How a British war memorial became a symbol of Dalit pride

  • The Koregaon Ranstambh (victory pillar) is an obelisk in Bhima-Koregaon village commemorating the British East India Company soldiers who fell in a battle on January 1, 1818, where the British, with just 834 infantrymen — about 500 of them from the Mahar community — and 12 officers defeated the 28,000-strong army of Peshwa Bajirao II.
  • It was one of the last battles of the Third Anglo-Maratha War, which ended the Peshwa domination.
  • Babasaheb Ambedkar’s visit to the site on January 1, 1927, revitalised the memory of the battle for the Dalit community, making it a rallying point and an assertion of pride.
  • In 2005, the Bhima-Koregaon Ranstambh Seva Sangh (BKRSS) was formed to keep alive the memory of this episode in Indian history and pay homage to those among the Dalit community who fought for their self-respect in that battle.
  • From mere thousands in earlier years, today lakhs of visitors from across India come to pay homage at the site; there is a particularly massive representation of community members from Uttar Pradesh, Karnataka and Gujarat. One part of the tradition is that several retired officers of the Mahar Regiment come to do homage to this exploit of valour.
  • This year, the Elgaar (battle-cry) Parishad, an event celebrating the bicentenary of the battle irked some right-wing Hindutva and Brahmin organisations, who demanded that the city police prohibit its staging at the Shaniwarwada fort, the erstwhile seat of Peshwa power.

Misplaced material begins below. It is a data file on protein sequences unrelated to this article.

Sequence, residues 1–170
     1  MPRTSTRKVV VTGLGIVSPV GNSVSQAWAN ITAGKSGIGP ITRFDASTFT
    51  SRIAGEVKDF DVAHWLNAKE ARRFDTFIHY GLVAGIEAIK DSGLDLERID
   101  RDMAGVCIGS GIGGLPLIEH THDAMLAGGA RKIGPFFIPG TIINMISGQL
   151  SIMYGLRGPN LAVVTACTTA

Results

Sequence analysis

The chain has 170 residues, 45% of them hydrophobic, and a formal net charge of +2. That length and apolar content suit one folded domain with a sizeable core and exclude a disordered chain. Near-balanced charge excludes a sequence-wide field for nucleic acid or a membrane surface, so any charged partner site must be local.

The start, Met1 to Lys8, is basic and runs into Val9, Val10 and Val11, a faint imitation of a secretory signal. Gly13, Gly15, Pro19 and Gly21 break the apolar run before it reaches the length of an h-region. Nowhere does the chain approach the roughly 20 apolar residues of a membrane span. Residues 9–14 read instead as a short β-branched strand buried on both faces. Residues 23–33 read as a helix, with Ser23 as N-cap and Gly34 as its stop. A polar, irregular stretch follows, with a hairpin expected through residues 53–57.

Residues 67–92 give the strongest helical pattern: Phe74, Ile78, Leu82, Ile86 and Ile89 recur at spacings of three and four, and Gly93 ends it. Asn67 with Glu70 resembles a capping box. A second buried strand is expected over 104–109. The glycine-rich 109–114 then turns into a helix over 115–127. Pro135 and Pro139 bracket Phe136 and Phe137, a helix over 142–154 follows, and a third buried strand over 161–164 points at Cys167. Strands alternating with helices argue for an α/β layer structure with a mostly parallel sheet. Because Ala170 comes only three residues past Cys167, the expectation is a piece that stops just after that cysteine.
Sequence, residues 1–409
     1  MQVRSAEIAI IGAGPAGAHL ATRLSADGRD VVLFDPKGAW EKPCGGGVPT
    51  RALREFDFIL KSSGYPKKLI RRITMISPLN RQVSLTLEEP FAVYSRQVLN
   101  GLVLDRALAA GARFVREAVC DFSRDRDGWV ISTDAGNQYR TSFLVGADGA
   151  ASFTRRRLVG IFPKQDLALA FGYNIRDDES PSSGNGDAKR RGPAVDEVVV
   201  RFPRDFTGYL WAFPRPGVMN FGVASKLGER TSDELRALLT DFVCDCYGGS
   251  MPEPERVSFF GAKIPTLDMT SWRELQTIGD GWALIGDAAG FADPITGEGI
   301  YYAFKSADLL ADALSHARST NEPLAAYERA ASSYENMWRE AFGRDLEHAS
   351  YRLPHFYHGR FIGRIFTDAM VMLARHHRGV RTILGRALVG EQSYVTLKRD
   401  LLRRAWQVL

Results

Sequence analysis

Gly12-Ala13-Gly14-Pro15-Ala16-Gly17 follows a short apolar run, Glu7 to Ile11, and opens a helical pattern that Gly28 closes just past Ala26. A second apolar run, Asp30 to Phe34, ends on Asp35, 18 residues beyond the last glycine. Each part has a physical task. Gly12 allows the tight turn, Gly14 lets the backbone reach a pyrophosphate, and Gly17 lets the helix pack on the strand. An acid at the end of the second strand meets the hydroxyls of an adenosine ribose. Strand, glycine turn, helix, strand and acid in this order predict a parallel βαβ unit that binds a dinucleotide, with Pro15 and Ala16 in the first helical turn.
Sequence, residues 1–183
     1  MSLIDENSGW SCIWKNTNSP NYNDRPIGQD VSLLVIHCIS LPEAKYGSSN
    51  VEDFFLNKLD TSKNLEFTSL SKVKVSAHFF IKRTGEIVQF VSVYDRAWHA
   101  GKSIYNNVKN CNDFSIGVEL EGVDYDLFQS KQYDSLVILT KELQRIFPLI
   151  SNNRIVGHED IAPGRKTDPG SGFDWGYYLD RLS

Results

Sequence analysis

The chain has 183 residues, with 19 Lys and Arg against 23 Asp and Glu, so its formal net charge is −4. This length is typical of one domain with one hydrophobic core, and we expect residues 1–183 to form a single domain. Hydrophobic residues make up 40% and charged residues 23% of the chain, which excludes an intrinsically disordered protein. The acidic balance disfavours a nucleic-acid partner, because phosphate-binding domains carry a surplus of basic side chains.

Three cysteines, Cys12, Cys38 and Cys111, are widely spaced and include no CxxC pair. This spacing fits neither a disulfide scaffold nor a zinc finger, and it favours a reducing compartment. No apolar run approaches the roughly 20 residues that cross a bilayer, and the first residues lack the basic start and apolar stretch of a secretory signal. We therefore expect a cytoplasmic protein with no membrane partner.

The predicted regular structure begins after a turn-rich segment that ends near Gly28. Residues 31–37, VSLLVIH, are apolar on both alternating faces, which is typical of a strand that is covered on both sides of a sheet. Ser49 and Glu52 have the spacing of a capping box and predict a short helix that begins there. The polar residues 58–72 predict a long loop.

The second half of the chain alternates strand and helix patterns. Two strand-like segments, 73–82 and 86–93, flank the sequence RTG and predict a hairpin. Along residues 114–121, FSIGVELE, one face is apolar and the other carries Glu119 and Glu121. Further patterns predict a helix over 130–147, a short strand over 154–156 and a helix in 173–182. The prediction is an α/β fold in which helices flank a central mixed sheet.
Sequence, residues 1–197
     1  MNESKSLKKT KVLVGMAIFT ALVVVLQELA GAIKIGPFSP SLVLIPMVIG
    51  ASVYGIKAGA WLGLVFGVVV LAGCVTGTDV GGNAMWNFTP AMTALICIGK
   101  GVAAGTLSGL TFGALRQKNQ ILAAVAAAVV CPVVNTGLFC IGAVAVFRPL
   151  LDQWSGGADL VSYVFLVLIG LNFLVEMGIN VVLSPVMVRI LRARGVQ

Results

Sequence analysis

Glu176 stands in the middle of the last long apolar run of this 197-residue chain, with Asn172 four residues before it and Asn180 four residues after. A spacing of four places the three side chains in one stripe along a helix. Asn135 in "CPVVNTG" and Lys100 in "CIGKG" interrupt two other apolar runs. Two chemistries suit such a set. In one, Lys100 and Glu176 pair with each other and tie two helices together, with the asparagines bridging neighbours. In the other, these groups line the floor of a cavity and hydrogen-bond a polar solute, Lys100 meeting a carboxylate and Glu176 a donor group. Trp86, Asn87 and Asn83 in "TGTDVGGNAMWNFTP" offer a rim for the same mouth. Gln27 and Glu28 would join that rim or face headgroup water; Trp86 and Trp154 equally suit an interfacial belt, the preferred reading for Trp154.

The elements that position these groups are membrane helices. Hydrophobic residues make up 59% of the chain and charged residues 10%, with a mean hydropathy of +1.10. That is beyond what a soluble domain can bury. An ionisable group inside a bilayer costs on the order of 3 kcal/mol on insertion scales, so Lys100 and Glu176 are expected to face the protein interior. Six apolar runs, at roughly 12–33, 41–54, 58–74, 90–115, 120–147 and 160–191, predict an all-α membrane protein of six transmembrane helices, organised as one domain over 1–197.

The Dalit–Maratha rift:

  • Relations between the Mahars and the Peshwas, who were Brahmins, grew strained after the death of Baji Rao I in 1740, and reached their nadir during the reign of Bajirao Rao II, who insulted the Mahar community and spurned their offer of service with his army.
  • This caused them to side with the English against the Peshwa’s numerically superior army.
  • Dalit scholars say Indian history is often recorded from a Brahminical perspective, which has resulted in Bhima-Koregaon and other battles in which Dalits fought, not getting their due. BKRSS members, though, point out the dangers of the reductive view of the battle as caste conflict, and cite historical records documenting Mahars fighting in the Maratha army since the times of Shivaji, and even fighting alongside the Peshwa’s forces, including in the third battle of Panipat and the battle of Kharda.
  • Some accounts say that Govind Ganapat Gaikwad, a Mahar, performed the final rites of Sambhaji (Shivaji’s son) after he was tortured to death and hacked to pieces on Aurangzeb’s orders in 1689.


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